More and more first-time buyers are having to rely on the “Bank of Mum and Dad” when trying to stump to cash to buy their first home, according to an Armagh estate agent.
Regional manager of CPS Property, Ryan Molloy, told Armagh I that this practice is becoming “more and more common due to the lack of saving ability a young person has”.
“The average first-time buyer is just out of university starting on the basic wage then work their way up, but they want to get on the property ladder sooner rather than later”, said Mr Molloy.
Despite this first-time buyer market continues to make double-digit growth year-on-year.
The latest set of mortgage statistics from UK Finance have revealed 2,700 new home-owners took out a mortgage in the second quarter of 2018.
This is a 12.5% year on year and is the highest figure seen since the end of 2005.
Meanwhile, the size of the loan advanced to new home-purchasers hit £100,000 for the first time.
However, large deposits remain a feature of the mortgage market for first-time buyers.
With the median deposit for both NI & UK first-time buyers standing a considerable £17,000.
This is around three-quarters of the median annual salary of a full-time Northern Ireland employee aged between 25 and 34.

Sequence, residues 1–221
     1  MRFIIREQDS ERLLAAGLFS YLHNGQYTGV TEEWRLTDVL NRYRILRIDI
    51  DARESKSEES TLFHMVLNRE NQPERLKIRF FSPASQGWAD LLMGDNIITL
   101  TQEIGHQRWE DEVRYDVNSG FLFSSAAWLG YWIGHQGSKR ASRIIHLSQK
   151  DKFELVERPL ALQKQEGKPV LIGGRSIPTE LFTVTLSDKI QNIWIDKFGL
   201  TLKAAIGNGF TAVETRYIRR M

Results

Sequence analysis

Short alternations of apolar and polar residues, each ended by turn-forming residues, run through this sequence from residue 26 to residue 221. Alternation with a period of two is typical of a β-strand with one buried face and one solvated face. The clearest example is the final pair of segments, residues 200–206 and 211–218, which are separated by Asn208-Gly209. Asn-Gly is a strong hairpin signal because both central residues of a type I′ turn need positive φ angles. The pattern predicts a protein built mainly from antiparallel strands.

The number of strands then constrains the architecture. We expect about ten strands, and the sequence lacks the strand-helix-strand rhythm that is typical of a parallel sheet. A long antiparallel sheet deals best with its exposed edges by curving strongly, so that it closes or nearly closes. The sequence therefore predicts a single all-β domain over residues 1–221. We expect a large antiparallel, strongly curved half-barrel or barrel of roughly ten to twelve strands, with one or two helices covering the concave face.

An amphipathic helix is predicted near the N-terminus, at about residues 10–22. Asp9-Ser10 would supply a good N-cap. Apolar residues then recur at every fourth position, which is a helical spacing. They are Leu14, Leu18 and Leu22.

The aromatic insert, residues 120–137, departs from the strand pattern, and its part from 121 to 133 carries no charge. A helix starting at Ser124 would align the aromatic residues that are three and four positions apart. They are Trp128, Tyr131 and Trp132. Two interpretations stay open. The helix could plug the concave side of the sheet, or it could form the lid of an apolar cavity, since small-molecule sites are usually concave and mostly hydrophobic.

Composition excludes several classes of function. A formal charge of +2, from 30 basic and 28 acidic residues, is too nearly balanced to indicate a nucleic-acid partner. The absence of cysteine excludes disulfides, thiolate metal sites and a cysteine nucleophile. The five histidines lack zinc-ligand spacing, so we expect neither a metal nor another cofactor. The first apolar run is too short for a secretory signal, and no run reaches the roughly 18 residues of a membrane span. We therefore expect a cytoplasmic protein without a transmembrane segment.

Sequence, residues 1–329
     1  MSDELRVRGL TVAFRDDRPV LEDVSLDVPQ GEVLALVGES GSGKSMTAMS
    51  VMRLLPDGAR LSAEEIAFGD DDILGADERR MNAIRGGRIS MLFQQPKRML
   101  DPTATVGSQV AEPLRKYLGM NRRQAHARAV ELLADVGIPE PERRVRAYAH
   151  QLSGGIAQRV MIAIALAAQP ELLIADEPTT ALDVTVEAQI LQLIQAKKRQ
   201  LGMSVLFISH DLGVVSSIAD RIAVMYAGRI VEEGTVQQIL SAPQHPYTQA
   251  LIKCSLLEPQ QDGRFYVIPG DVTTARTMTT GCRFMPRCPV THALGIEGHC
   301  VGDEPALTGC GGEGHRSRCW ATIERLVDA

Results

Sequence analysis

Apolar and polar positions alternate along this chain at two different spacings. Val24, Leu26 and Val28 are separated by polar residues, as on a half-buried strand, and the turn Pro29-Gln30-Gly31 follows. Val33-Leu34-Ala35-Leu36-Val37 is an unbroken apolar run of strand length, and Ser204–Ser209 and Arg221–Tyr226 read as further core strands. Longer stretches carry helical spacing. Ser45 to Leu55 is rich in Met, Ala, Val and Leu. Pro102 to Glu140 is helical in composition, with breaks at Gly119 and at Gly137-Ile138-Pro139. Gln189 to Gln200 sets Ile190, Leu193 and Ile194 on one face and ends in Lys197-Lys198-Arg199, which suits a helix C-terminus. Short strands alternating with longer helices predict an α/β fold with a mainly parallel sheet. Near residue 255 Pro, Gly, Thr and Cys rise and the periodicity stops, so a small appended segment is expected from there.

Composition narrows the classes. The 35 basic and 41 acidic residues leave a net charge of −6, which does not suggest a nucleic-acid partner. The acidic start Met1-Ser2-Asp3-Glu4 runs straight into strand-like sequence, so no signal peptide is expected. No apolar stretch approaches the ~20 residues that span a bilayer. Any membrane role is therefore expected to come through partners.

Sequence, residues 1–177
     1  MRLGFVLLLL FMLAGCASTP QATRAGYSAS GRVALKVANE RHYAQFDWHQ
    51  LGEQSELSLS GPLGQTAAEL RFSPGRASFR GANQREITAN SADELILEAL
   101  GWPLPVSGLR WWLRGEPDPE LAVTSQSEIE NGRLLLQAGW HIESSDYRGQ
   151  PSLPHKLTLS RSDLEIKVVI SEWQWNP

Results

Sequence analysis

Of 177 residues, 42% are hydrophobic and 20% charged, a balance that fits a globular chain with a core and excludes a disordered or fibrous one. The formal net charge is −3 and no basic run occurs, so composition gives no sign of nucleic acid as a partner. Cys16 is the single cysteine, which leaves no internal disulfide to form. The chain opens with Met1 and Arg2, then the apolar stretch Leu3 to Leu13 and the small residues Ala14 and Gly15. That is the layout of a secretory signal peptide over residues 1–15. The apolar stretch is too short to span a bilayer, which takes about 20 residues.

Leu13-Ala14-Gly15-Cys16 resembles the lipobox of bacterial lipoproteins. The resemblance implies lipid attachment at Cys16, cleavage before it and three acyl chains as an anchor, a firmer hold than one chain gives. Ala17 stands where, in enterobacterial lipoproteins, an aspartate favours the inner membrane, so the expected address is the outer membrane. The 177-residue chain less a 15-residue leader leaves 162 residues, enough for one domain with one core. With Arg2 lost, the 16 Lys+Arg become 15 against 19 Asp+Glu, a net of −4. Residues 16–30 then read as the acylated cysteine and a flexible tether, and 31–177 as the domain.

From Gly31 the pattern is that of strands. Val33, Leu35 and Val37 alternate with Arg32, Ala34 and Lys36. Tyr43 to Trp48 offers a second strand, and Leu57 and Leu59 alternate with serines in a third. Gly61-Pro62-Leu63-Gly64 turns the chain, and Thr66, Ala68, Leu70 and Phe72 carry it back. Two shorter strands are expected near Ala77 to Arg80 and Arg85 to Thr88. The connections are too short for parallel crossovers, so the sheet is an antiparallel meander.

The average age for a first-time buyer is around 30 and few can avail of this sort of money without making a call to the so-called ‘Bank of Mum & Dad / Bank of Granny & Grandad’.
Overall, activity in Northern Ireland’s mortgage market continues to recover from the biggest property downturn in UK history.
The first-time buyer market is driving this growth which in turn is being supported by individuals with access to sizeable deposits.
As far as deposits are concerned, the would-be first-time buyer market is being split into haves and have-nots.
For an increasing number of aspirational home-owners, saving for a deposit is particularly challenging within the context of ongoing house price growth, strong rent inflation, modest wage growth and rising utility bills.
First mortgages can be started with either five or 10% deposits but Mr Molloy states: “Mortgage advisers are recommending the 10% because it has better rates, but a lot of first-time buyers would not have this money”.
This had led to a lot of young people turning to their parents for help, in what the CPS regional manager says “is a good approach to take, if it is available to them”.
He added: “Payments be a lot less and their rates would be a lot better, if you put down the 5% deposit it will be more expensive per month”.
Mr Molloy also warns of the perils of renting, saying if they choose this route, “it will cost more in the long term and it makes it near impossible to save for a deposit”.